Several states are suing Education Secretary Betsy DeVos and her department in order to block a rule over the amount of federal relief funding set to be transferred from public schools to private schools.
Attorneys general of California and Michigan announced the lawsuit on Tuesday. They were joined by Maine, New Mexico, Wisconsin, and the District of Columbia. The plaintiff alleged that the Education Department’s rule siphons resources away from economically disadvantaged public school students and improperly diverted it to private school students, including those from affluent families.
Wisconsin Attorney General Josh Kaul argued that DeVos’s guidance (pdf) in April goes against the intent of Congress in disbursing federal funds in the CARES Act, which made available over $13 billion to help K-12 students continue their education disrupted by the public health emergency.
“The funds allocated to schools in the CARES Act provide vital support at a time when schools have had to make significant changes to the way they teach students,” said Kaul, reported Milwaukee Journal Sentinel. “Instead of ignoring congressional intent and diverting funds away from public schools, Secretary DeVos should follow the law.”
Most of the CARES Act money is being distributed to school districts using the Title I formula, meaning that districts with more students from low-income families are getting more relief money. In the June 25 rule, however, DeVos instructed districts to set aside a portion of the CARES money to support private school students based on total enrollments, rather than just the number of low-income students.
“Services under the CARES Act programs can be available for all all students—public and non-public—without regard to poverty,” the rule reads.
“It’s clear that the COVID-19 pandemic affected all schools. Likewise … it’s appropriate and reasonable for private schools to receive this funding,” she said. “The DeVos argument is that public schools can portion the funds any way they want within their schools, so private schools should be able to access those funds to serve all of their students, just like the public schools.”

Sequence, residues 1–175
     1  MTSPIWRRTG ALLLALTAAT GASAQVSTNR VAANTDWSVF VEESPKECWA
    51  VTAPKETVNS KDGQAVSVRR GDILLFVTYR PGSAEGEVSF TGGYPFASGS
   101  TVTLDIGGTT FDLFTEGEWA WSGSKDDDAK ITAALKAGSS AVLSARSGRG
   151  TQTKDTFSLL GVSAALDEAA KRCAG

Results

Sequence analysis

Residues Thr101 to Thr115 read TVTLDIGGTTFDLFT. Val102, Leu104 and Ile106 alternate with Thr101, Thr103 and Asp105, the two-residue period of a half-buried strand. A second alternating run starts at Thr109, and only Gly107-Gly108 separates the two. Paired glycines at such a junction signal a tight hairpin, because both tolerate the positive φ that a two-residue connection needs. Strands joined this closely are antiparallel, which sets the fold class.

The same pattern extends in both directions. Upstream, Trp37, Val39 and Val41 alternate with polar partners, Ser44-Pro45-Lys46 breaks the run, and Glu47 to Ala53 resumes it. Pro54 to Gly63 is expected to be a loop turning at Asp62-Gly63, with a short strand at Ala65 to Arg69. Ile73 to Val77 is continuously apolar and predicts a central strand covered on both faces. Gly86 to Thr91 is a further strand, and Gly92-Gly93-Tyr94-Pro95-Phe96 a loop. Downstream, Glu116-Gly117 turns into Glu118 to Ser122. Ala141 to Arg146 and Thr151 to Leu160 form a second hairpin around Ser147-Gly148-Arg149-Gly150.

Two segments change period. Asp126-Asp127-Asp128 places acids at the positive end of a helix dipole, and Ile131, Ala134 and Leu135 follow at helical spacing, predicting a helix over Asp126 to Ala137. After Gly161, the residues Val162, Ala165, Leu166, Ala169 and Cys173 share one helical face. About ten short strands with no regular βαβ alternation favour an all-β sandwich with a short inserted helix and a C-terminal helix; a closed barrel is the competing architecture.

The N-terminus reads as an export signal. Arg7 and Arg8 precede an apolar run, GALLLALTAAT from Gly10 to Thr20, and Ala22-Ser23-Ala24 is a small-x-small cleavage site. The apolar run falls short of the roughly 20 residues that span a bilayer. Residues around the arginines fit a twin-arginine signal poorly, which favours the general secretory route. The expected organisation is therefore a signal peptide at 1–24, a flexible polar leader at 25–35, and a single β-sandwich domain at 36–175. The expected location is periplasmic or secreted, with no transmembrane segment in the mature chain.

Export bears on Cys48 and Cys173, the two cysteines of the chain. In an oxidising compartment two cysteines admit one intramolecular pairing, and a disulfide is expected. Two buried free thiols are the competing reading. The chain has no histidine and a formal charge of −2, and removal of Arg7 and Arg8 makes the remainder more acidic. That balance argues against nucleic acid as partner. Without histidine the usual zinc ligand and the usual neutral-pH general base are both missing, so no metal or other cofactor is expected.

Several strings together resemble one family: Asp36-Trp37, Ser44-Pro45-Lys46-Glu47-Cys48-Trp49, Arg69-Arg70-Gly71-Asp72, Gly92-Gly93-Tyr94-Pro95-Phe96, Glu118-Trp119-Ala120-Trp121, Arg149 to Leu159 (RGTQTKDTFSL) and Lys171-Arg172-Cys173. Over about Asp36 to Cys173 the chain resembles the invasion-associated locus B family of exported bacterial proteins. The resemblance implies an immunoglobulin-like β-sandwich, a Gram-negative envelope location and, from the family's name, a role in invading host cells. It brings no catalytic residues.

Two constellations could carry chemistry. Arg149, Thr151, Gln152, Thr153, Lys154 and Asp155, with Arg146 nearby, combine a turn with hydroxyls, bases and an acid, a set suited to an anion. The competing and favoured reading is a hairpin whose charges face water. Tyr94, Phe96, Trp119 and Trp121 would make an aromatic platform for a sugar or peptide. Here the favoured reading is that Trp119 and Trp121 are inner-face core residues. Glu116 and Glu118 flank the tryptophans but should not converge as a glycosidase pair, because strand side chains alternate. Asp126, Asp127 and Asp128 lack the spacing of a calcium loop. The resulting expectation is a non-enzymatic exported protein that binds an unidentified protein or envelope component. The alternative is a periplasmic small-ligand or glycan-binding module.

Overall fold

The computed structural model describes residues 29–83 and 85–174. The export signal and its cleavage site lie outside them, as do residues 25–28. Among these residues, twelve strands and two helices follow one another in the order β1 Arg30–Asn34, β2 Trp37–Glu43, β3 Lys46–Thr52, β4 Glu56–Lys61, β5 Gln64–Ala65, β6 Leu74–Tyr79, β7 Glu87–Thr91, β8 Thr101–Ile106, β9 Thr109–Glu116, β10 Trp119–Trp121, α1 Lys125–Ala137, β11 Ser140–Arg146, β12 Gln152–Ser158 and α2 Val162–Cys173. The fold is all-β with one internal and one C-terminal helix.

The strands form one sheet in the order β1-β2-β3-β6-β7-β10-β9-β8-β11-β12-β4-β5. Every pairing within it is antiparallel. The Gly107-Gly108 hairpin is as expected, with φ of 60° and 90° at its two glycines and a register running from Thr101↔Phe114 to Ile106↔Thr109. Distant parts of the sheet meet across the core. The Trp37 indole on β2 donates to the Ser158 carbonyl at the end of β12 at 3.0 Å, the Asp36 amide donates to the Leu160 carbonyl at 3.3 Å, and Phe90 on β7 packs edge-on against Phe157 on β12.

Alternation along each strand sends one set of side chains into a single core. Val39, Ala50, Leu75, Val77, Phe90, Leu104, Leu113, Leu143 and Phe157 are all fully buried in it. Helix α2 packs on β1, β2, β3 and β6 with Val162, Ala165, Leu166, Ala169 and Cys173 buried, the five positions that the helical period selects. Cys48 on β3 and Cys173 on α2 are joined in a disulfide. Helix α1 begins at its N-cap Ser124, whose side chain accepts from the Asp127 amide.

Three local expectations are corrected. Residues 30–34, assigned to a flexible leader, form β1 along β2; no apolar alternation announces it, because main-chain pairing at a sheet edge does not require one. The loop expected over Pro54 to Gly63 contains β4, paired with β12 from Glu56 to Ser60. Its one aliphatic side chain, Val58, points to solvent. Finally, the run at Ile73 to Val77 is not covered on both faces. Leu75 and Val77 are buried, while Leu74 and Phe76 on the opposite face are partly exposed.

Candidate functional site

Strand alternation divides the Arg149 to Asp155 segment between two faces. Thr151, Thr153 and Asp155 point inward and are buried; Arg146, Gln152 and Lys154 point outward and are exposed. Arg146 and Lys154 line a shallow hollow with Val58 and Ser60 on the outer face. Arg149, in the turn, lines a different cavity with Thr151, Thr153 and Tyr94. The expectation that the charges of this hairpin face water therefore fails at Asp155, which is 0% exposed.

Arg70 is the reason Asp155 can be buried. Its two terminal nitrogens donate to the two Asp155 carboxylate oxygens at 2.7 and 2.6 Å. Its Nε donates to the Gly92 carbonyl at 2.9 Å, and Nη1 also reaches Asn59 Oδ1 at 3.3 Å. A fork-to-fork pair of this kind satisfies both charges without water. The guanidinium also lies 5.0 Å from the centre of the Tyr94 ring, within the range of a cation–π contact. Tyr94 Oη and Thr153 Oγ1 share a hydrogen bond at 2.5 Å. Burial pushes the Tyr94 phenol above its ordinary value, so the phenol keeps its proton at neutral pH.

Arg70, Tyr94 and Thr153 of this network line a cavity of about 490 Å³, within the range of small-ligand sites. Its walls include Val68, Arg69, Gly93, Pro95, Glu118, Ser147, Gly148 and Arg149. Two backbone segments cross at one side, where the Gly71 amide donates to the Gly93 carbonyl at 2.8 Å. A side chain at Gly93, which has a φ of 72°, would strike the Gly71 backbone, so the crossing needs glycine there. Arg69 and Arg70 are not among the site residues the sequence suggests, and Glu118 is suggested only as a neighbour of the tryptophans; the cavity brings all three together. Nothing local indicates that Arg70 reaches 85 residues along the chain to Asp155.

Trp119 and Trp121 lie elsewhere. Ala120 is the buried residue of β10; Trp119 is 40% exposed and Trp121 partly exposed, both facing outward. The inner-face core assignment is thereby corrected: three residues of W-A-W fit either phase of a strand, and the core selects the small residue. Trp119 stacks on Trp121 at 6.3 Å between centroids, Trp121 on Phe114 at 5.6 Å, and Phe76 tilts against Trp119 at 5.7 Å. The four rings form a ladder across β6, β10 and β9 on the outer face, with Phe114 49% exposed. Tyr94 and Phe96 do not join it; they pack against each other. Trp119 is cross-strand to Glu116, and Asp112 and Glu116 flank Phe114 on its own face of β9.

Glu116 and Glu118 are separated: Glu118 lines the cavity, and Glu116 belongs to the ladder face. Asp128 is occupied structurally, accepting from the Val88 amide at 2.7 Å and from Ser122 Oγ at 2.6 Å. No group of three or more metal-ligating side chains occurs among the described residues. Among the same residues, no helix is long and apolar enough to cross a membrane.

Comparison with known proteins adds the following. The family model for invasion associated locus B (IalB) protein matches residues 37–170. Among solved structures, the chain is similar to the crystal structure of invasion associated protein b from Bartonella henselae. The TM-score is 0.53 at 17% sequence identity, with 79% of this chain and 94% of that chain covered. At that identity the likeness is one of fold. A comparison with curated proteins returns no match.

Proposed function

The Education Department on July 1 published an interim final rule, providing school districts two options about how to spend the CARES money. In one scenario, they can distribute funds from CARES Act to all schools regardless of their low-income Title I status, but must also pay for “equitable services,” such as tutoring or transportation, for all private school students. In the other, they can fund only low-income private school students, while also restricting CARES Act funding to low-income Title I-designated public schools, rather than all schools.
Opponents to the idea that public schools have to share emergency funding with private schools remain unsatisfied. California Attorney General Xavier Becerra, who leads the lawsuit, said Tuesday the new rule represents a “false choice,” arguing that the Congress never intended to make school districts choose between those options in the first place.
“Some of those private schools have already been able to access hundreds of billions of dollars from the CARES Act Paycheck Protection Program, unlike California public schools that can’t,” he said.